But the fact that quarterbacks this good simply don’t get traded in their prime is precisely why the Texans were always going to make this difficult. If they haven’t cared about what Watson has thought so far, why would they start now? They know how good he is. Other players know how good he is. On Thursday, the Bears’ Tarik Cohen tweeted this ... 

... and when I asked former Ravens running back Mark Ingram where he wanted to play, he said he’d go wherever Watson went. 

Houston is clinging to someone who has made it clear he’d rather play for the Jets — the JETS!!!! — than the team he’s currently on. Do you know how bad it has to be for someone to actively try to play for the Jets? Watson might as well say he’d rather drive a car that breaks down every four minutes than the one he currently has. He has to really hate his car.

The problem clearly isn’t that Watson is on a struggling team. He isn't complaining about doing the hard work it would take to get better. The problem is that he’s on a struggling team that has made it clear it isn’t interested in listening to him. It's a team that keeps making decisions that will not, in any way, shape or form, ease the struggle in the next few years. 

Instead, the Texans are playing a game of Pride Chicken with Watson, and the longer it goes on, the uglier things are going to get. Even though Watson has a no-trade clause in his contract that gives him some control over where he goes, the team still holds all the power and decides if he goes at all. Houston seems to be hoping that Watson will cave first and reluctantly agree to suit up come September. Otherwise, the Texans will have to watch one of the best QBs in the game dig in his heels and sit on their bench until they agree to trade him. 

Watson has public support on his side. In January, fans gathered in hopes that the quarterback would stay, and he had to ask them to go home because of COVID.

Fans seem to understand that it was the Texans who pushed him to this point. I’ve interviewed Watson a few times over the past few years, and he has always been very sweet and a little shy. Watson has done so much for the Houston community, as well as for his hometown in Georgia, and has been a good soldier in the organization since he was drafted in 2017.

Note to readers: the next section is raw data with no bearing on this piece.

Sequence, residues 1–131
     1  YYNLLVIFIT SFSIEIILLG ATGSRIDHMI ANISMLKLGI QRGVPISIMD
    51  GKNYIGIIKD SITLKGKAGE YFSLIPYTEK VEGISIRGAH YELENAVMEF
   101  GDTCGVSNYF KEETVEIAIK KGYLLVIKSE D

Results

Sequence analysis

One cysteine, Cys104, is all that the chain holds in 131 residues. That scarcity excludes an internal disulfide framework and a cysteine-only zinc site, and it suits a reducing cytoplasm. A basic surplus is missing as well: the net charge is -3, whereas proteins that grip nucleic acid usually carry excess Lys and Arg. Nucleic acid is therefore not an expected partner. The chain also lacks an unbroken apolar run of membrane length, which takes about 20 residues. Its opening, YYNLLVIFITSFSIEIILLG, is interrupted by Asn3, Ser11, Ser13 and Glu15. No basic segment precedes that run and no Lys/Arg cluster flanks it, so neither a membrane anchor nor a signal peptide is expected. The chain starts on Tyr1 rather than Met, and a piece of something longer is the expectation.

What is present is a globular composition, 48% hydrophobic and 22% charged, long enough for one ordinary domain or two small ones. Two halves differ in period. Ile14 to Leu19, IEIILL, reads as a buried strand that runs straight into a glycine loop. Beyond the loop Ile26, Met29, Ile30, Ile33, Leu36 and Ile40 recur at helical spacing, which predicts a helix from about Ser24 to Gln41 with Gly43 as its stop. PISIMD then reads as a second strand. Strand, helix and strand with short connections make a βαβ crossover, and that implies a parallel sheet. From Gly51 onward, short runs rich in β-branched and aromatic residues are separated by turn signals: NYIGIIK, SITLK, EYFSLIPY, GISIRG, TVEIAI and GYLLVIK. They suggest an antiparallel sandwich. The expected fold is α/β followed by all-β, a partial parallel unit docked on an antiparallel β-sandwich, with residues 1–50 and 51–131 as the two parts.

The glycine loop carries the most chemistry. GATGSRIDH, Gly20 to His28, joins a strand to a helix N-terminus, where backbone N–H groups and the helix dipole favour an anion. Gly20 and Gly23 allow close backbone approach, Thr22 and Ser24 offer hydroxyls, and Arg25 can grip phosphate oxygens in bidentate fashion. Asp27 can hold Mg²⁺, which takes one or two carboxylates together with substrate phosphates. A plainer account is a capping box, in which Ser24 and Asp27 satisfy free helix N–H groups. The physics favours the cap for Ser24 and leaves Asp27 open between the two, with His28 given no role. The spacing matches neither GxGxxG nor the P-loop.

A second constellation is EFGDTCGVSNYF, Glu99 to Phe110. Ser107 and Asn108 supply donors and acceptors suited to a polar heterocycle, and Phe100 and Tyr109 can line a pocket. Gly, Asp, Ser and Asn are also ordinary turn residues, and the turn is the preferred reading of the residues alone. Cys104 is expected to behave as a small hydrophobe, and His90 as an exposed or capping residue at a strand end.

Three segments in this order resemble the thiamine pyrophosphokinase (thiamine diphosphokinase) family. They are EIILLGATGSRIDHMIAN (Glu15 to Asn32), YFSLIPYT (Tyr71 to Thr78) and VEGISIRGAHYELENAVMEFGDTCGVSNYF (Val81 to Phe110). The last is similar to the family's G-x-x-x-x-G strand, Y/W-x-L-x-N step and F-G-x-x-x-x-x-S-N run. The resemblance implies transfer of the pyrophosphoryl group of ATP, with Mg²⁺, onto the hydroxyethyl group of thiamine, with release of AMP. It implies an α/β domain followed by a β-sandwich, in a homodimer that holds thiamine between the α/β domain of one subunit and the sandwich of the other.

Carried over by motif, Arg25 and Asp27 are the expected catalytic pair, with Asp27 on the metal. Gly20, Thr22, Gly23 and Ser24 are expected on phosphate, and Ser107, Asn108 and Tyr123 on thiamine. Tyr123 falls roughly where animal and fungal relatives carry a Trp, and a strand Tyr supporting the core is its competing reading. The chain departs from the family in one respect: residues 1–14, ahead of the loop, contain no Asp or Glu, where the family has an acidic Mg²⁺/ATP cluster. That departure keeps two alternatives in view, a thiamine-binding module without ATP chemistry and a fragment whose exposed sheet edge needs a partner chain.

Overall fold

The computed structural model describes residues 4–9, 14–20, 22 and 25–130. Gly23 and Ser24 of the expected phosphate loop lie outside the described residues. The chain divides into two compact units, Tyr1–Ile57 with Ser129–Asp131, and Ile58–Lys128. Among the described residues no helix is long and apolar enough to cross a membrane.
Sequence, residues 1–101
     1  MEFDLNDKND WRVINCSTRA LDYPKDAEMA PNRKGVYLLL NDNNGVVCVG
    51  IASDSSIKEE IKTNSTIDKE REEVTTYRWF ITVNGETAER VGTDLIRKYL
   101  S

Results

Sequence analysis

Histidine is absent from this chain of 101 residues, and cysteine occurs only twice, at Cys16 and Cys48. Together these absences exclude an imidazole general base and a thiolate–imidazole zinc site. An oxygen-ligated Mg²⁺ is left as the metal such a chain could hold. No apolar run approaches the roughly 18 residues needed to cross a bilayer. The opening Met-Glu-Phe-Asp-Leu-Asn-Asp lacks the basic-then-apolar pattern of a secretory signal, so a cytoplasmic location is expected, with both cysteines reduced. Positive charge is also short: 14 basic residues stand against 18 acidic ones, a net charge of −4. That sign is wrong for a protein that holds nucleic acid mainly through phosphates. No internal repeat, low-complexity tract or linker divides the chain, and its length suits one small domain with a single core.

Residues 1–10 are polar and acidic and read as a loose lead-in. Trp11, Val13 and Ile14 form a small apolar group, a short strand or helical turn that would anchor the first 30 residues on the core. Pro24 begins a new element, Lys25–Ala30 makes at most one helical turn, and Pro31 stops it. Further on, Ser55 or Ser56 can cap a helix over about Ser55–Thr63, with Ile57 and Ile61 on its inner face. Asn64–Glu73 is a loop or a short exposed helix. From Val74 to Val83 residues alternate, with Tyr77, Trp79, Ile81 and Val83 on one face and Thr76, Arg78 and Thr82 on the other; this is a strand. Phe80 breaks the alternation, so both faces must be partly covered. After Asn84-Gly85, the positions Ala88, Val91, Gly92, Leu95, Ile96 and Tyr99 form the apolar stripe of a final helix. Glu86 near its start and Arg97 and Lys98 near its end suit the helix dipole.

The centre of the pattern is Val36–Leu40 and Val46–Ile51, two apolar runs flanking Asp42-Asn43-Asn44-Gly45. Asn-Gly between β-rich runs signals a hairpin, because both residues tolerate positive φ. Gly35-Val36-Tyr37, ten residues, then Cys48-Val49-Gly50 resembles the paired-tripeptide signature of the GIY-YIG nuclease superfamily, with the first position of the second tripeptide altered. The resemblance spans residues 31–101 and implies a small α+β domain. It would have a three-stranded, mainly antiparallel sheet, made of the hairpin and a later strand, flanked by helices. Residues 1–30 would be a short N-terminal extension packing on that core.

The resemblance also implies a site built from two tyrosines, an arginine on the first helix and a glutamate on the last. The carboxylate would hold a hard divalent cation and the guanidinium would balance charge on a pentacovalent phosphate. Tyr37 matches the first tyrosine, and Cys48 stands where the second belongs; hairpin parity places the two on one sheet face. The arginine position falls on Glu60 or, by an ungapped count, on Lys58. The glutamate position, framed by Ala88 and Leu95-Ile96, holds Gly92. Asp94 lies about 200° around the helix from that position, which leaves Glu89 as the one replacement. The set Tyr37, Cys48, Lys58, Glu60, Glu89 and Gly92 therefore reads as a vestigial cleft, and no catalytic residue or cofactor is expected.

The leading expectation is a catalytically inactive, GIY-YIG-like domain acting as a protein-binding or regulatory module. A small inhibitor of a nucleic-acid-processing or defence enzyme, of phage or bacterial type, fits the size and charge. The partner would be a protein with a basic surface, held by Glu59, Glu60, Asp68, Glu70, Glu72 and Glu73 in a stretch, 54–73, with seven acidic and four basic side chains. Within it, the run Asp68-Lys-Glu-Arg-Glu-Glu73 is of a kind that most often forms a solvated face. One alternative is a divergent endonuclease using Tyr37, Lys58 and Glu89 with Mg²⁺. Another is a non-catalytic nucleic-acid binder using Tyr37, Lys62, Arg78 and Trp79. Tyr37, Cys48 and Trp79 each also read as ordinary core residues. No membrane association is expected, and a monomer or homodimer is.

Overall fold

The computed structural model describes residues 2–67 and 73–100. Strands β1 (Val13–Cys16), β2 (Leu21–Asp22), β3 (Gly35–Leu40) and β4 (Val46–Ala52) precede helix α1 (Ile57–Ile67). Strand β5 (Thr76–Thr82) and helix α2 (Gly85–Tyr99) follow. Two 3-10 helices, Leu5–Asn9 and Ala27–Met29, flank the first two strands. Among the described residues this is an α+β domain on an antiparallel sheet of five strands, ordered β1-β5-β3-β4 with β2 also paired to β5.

For him to be this public about wanting to leave, things have to be pretty bad. 

On the simplest level, the Texans' strategy is a terrible one. The best way to get someone to want to play for you — to work hard for you — is to make them feel valued. This is basic psychology and basic management. Hell, it’s basic "being a human 101." Show someone you care, and they might care back. Make it clear that you don’t care, and they probably won’t. 

It’s mystifying how Houston can make this series of moves, expect Watson to play for the team and expect the team to be good. Because Watson probably won’t play, and no matter what, the team won’t be good. 

This is a literal lose-lose, and the front office is being too stubborn to win. 

Charlotte Wilder is a general columnist, reporter and co-host of "The People's Sports Podcast" for FOX Sports. She's honored to represent the constantly neglected Boston area in sports media, loves talking to sports fans about their feelings and is happiest eating a hotdog in a ballpark or nachos in a stadium. Follow her on Twitter @TheWilderThings.